By: Lewis First, MD, MS; Editor-in-Chief
If you read our journal or others, you are bound to run into a variety of studies trying to identify the best therapeutic approach to functional abdominal pain. Ideally the goal is to avoid prescription pharmacologic intervention and focus on non-pharmacologic strategies like changes in diet, lifestyle, cognitive behavioral therapy, pre- and probiotics, or alternative or integrative medical approaches.
So what works best? Rutten et al. (doi: 10.1542/peds.2014-2123) have performed a systematic review of this topic that we are releasing this week online identifying all randomized controlled trials done in children with functional abdominal pain. While the quality of evidence was “very low-moderate” overall, the authors did find some studies showing efficacy of some of the modalities mentioned above and a few others not yet mentioned in this blog.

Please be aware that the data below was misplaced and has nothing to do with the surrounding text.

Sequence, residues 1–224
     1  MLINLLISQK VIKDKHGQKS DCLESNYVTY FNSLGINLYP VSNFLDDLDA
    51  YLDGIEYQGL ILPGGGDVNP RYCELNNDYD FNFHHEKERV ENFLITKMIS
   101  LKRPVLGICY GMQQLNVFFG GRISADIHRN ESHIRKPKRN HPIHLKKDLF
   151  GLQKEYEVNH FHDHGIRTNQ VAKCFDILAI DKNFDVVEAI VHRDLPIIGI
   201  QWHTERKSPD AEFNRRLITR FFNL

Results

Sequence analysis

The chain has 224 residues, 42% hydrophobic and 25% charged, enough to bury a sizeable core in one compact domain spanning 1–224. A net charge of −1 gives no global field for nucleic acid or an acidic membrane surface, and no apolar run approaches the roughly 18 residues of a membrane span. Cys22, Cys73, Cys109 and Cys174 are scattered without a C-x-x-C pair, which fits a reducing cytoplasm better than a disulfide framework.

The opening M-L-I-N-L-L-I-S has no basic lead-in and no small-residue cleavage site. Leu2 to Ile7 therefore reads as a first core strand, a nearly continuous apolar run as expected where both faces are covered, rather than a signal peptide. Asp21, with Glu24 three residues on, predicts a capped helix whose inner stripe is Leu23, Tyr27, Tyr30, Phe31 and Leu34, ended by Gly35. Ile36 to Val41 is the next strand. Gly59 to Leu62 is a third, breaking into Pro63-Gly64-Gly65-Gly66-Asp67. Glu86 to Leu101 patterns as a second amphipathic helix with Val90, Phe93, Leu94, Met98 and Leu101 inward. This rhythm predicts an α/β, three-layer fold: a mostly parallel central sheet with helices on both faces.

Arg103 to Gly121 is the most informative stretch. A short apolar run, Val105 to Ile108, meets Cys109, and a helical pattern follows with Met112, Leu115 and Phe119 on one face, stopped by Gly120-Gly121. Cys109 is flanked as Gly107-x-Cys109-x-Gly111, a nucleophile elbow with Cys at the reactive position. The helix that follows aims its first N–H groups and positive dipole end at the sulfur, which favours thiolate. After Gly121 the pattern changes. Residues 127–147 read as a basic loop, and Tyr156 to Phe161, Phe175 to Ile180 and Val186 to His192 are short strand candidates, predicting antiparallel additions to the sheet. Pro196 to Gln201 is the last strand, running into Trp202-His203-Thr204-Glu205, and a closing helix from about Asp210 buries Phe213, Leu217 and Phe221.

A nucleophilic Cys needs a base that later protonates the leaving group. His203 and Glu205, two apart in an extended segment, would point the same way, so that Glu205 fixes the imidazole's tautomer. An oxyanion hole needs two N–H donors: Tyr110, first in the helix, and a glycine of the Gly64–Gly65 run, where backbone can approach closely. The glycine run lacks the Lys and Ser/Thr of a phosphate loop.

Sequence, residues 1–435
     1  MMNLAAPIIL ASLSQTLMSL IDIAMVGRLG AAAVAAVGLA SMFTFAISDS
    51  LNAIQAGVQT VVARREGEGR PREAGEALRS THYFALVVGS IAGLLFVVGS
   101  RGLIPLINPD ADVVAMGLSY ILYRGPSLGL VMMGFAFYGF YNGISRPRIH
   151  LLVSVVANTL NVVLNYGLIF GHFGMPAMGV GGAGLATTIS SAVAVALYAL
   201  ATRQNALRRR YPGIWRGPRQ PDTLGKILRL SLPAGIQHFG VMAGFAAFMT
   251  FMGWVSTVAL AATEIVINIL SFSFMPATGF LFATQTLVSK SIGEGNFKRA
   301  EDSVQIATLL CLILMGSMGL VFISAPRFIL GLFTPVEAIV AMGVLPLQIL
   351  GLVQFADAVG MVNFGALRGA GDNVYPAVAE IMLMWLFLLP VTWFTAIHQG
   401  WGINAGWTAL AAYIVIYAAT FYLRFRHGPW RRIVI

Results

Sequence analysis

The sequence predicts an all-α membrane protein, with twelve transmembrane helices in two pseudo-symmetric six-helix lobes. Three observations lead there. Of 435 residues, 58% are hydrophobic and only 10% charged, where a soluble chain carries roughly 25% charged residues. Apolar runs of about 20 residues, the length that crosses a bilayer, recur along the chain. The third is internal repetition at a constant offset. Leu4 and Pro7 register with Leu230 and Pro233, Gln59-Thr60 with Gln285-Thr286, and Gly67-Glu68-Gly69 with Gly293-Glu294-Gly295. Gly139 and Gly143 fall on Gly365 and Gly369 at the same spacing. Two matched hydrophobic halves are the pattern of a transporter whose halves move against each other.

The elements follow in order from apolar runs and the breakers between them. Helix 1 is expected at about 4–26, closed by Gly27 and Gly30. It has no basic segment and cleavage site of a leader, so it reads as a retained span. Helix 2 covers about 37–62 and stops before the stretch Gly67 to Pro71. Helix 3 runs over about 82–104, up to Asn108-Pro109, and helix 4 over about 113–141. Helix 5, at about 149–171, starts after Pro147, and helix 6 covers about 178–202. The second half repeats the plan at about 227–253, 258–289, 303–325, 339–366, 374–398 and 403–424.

Given how common this problem is with our patients, reading this review article should not hurt at all and may result in trying some options you have not tried before, and giving up on others where the evidence is poor. What have you found to be successful in treating your patients with functional abdominal pain? We’d love to hear your solutions to this problem and “what works” by responding to this blog, sending us an e-letter, or commenting on our Facebook or Twitter sites.